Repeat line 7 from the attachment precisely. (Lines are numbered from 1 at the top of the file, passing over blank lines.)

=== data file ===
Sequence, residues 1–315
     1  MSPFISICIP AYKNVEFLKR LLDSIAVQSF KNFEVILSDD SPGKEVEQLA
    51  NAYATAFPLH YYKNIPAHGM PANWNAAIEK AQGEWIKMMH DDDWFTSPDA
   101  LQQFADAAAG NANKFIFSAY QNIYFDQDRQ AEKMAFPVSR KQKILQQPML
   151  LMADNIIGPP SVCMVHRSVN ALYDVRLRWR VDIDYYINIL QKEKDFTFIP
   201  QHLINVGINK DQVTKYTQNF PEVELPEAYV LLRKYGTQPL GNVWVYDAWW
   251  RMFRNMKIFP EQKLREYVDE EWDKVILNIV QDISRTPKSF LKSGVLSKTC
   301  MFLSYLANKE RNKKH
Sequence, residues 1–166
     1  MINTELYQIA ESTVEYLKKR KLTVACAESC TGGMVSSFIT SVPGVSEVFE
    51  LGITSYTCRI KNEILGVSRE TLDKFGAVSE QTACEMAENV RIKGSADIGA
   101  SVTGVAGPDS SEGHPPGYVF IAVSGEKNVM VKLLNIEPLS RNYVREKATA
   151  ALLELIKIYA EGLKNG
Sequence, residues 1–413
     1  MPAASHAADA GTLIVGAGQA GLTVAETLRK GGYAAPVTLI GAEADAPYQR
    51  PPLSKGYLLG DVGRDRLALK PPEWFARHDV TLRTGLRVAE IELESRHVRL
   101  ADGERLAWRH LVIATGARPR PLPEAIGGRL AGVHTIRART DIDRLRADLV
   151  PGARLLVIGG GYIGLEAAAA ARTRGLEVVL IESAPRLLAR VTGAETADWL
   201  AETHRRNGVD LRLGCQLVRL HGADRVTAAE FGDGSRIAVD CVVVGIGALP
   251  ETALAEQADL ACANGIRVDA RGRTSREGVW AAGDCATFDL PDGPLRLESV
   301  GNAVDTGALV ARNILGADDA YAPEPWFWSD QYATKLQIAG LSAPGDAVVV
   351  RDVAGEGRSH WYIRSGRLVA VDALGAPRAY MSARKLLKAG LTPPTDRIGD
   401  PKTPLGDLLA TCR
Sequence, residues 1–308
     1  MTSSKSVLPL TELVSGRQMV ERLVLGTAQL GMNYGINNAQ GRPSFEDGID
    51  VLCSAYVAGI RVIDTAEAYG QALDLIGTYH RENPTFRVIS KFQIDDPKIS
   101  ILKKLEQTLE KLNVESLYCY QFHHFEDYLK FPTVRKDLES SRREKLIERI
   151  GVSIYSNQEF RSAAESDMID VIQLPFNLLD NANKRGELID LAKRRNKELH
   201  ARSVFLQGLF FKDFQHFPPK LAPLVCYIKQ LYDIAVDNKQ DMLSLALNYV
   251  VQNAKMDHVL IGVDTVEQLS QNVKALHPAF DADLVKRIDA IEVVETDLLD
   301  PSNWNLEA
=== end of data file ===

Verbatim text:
   251  RMFRNMKIFP EQKLREYVDE EWDKVILNIV QDISRTPKSF LKSGVLSKTC